The Committee notes that the Criminal Law (Amendment) Bill, 2012 includes the offence of voluntarily causing grievous hurt, through use of acid. Under the proposed Section 326A of the Amendment Bill, if a person causes permanent or partial damage to the body of another person by throwing acid on, or administering acid to that person, with the intention of causing injury, or with the knowledge that injury shall be caused, that person shall be guilt of the offence defined in Section 326A. The Amendment Bill has proposed a minimum punishment of ten years, and a maximum of life. It has also proposed that a fine of a maximum of rupees ten lakhs may be imposed, which shall be given to the victim.
The Committee makes some key modification to this provision. It recommends that the offence not be confined to only throwing acid on a person. It suggests that if a person causes permanent or partial damage to the body of another person, by using means other than throwing acid, such person and acts, should also be brought within the purview of the section. The Committee also recommends that the victim should receive Central and State government assistance through a compensation fund (See Para 8 page 148). It further recommends that instead of a fine, the convicted person be liable to pay compensation to the victim, which should be sufficient to at least cover the medical expenses of the victim.
The first explanation to the section takes the offence beyond the specific sphere of acid attacks to other violent hate crimes against the body of a woman, which maim or permanently damage or disfigure her, such as forced circumcision of a woman or female genital mutilation. The second explanation pre-empts an argument against liability if the victim ‘reverses’ the visible effects of the attack, through medical treatment. This formulation captures the Committee’s recognition that the offence is not only about physical damage, but also about right of a person to live with dignity.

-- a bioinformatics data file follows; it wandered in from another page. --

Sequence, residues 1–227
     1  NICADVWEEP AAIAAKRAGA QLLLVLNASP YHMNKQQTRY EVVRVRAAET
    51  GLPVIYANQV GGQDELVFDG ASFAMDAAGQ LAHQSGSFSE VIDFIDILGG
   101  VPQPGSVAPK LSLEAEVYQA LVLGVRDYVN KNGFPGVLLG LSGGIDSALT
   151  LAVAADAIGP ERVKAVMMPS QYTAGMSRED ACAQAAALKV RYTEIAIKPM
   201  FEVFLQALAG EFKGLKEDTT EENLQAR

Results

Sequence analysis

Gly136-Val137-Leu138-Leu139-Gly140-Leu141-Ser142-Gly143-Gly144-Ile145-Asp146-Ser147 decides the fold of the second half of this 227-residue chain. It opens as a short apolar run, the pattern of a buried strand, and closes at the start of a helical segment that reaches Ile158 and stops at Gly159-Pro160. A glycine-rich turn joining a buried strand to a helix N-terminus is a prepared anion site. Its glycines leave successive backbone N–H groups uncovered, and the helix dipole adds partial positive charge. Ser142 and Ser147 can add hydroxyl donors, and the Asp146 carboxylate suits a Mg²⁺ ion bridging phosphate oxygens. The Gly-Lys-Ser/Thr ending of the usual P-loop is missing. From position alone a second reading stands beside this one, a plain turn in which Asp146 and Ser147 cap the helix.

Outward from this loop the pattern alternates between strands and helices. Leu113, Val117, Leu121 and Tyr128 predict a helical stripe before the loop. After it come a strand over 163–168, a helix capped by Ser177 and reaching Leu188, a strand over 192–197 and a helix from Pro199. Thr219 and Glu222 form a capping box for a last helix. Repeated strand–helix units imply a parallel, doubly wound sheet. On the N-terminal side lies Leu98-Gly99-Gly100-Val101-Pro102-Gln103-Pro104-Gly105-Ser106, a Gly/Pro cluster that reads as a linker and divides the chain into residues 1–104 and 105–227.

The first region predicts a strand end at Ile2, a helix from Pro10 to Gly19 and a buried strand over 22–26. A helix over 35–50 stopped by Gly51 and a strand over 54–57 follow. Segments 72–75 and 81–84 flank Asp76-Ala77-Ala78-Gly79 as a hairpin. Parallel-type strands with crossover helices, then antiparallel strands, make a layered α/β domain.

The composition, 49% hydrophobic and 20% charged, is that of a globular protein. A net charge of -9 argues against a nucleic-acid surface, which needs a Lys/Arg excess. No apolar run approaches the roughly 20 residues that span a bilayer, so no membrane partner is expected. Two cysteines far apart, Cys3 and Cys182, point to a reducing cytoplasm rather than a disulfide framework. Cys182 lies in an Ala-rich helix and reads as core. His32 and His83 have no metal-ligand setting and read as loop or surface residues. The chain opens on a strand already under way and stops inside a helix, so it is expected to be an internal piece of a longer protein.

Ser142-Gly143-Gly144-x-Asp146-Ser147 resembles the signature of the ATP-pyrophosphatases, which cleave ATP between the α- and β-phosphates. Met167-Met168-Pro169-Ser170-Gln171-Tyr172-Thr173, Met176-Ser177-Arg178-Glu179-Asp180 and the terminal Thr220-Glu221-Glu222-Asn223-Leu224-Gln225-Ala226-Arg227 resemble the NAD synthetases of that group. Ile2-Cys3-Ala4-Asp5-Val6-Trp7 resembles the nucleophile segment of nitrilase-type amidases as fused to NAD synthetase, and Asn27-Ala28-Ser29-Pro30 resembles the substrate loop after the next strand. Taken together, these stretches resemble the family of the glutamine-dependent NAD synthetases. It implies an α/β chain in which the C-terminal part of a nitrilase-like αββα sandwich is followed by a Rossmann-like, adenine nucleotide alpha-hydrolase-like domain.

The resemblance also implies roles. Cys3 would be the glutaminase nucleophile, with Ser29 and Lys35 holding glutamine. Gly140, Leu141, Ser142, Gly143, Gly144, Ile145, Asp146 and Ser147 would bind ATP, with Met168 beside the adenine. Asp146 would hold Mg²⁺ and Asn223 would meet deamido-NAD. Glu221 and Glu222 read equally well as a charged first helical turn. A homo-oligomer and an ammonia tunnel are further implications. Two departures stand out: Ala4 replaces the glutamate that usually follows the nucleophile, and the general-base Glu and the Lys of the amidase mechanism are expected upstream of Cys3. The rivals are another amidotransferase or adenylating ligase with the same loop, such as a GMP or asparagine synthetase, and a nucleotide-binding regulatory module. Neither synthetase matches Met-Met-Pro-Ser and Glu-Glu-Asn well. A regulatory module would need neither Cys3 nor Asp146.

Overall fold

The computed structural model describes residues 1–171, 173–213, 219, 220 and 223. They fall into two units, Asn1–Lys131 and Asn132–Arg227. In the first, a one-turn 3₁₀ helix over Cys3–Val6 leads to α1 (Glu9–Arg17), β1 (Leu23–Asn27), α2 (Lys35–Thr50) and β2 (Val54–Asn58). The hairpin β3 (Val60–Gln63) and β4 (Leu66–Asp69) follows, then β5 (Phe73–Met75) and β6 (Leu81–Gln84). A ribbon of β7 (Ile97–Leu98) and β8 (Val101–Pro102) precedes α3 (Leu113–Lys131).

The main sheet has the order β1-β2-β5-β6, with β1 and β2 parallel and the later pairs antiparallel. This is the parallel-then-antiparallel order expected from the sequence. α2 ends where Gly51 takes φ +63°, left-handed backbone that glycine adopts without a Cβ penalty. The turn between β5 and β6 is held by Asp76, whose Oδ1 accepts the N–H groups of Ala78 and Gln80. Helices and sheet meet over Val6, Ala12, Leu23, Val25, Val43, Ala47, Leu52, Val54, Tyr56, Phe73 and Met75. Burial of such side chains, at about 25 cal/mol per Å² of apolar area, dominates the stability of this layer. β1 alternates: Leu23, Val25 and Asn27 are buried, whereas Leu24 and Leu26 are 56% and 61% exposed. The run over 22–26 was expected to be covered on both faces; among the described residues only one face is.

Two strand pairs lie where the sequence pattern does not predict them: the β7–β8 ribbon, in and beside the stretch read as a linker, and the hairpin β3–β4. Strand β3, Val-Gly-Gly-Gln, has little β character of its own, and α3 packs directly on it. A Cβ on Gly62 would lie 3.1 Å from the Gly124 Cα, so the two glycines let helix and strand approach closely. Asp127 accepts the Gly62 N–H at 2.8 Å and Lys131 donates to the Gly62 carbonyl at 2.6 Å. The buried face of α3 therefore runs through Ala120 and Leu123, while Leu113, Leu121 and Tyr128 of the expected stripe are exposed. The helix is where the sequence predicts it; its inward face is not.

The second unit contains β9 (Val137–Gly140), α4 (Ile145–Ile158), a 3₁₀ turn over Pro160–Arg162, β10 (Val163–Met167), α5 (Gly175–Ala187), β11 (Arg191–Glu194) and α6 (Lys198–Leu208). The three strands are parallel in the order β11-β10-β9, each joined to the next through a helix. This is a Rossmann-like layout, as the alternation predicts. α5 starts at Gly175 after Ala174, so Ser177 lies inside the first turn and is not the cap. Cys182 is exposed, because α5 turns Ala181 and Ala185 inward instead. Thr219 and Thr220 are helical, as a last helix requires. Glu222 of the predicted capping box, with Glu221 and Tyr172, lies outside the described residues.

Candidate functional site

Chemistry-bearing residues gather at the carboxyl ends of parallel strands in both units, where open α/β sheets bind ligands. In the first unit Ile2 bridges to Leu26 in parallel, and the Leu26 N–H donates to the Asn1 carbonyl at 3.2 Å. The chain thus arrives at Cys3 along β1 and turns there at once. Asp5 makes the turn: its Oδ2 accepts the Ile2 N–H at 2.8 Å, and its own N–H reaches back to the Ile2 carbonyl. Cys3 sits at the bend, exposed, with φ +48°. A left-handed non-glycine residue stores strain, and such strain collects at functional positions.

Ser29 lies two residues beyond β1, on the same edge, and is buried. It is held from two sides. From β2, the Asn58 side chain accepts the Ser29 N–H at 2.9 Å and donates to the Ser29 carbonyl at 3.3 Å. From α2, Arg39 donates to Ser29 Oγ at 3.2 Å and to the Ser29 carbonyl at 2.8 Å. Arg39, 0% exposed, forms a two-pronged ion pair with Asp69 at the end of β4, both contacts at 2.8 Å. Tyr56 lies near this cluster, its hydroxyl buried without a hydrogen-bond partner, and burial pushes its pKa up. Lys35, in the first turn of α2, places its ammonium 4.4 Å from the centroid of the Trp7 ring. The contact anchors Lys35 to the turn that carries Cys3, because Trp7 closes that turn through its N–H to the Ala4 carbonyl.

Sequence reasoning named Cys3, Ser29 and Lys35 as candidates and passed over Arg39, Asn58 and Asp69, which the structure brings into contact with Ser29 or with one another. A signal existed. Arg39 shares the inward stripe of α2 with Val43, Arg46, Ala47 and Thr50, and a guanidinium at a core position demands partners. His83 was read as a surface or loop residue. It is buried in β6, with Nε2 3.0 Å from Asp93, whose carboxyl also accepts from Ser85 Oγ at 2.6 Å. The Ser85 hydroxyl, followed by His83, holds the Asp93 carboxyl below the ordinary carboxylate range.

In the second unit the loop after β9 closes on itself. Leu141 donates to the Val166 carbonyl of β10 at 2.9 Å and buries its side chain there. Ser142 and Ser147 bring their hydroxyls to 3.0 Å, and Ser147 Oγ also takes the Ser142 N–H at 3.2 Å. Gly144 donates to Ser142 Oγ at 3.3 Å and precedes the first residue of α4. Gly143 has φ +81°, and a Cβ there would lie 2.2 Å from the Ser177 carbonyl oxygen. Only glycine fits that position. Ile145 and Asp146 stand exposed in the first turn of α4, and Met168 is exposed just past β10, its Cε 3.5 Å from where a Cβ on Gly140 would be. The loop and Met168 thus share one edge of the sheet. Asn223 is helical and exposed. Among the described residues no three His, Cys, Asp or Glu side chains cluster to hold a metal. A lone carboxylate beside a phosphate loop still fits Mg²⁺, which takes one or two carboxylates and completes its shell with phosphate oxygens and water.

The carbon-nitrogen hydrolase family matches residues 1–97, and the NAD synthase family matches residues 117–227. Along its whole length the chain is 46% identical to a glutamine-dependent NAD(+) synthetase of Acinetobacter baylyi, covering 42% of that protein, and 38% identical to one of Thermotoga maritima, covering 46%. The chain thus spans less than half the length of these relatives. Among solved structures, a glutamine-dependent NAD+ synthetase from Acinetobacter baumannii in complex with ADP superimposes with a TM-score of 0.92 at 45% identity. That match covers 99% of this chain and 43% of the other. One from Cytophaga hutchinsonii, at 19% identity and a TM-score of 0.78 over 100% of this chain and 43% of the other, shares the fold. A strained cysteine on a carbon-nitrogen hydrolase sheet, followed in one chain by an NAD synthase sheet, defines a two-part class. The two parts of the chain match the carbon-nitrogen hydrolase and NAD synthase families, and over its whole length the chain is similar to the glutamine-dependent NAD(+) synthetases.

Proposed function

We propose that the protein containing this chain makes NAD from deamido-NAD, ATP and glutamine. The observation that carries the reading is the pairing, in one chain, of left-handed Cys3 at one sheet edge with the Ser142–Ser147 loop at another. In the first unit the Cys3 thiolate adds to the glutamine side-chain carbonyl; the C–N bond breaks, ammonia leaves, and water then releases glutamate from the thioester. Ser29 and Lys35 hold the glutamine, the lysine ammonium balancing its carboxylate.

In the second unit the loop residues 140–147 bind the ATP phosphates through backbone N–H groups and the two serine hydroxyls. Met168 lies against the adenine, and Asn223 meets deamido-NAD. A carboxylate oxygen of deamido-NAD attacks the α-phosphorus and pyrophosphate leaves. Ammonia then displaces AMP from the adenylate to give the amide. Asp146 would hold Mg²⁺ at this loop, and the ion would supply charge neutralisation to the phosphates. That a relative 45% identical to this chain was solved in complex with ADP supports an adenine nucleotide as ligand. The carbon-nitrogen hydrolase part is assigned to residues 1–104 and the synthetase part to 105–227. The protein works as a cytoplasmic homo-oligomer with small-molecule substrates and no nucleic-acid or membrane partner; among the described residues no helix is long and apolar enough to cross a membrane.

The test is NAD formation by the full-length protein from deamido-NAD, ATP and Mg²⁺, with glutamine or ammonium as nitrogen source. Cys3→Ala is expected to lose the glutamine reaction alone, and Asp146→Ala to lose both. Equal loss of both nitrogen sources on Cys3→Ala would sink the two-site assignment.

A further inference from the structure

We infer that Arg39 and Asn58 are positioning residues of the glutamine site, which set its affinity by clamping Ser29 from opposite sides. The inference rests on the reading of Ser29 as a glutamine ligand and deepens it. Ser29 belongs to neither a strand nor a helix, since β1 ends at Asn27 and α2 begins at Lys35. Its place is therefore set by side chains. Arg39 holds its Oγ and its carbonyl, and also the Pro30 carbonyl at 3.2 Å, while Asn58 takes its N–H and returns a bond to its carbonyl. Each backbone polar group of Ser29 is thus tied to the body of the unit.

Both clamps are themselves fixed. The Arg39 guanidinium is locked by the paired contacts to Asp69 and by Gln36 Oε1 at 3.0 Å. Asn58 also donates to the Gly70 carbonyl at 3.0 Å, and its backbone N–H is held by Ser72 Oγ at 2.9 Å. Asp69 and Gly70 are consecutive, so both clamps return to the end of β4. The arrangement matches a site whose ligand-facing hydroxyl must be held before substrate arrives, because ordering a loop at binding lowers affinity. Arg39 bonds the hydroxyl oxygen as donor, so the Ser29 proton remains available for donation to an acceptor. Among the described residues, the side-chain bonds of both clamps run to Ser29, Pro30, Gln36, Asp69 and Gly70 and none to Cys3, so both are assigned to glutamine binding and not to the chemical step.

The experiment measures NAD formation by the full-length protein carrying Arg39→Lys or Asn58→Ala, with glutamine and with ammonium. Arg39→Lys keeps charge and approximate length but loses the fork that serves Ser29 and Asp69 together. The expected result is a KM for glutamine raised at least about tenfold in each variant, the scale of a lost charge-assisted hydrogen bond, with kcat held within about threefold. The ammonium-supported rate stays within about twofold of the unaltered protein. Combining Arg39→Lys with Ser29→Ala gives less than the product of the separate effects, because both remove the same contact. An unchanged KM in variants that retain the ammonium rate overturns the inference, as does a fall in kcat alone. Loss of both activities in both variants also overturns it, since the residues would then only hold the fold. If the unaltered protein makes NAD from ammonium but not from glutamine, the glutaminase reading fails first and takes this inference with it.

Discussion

The Criminal Law (Amendment) Bill, 2012 proposes the addition of Section 326B which punishes the voluntary throwing or attempt to throw acid on a person. The offence is punishable with imprisonment for a minimum period of five years, which may extend to seven. Along the lines of its recommendations for modifying Section 326A, the Committee recommends the broadening of Section 326B to include any other means to achieve the purpose of permanently or partially damaging a person’s body.
B. Sexual Assault
Under the current Section 354 of the Indian Penal Code, a person who “assaults or uses criminal force to any woman, intending to outrage or knowing it to be likely that he will thereby outrage her modesty” is punished with imprisonment of upto two years, or fine, or both. The focus of the provision, rather unfortunately is on “outraging of the modesty” of a woman and invariably the defence against the application of such a provision has centred around what constitutes a woman’s modesty, whether the woman in question was of such a character to claim that her modesty was outraged, whether young girls below the age of puberty have ‘modesty’ etc. Further, under the current formulation the offender can argue that he did intention to “outrage the modesty” of the woman, or that he did not know that his actions would result in the “modesty of the woman” being outraged. Hence, the need for change was palpable, so as to change the focus of the crime from notions of “modesty” to violation of sexual autonomy. The recasting of the provision therefore needed to be wider in scope, cover a range of offences (and consequently provide higher degrees of punishment) and be a gender neutral provision that criminalised unwelcome sexual acts of varying degrees of severity.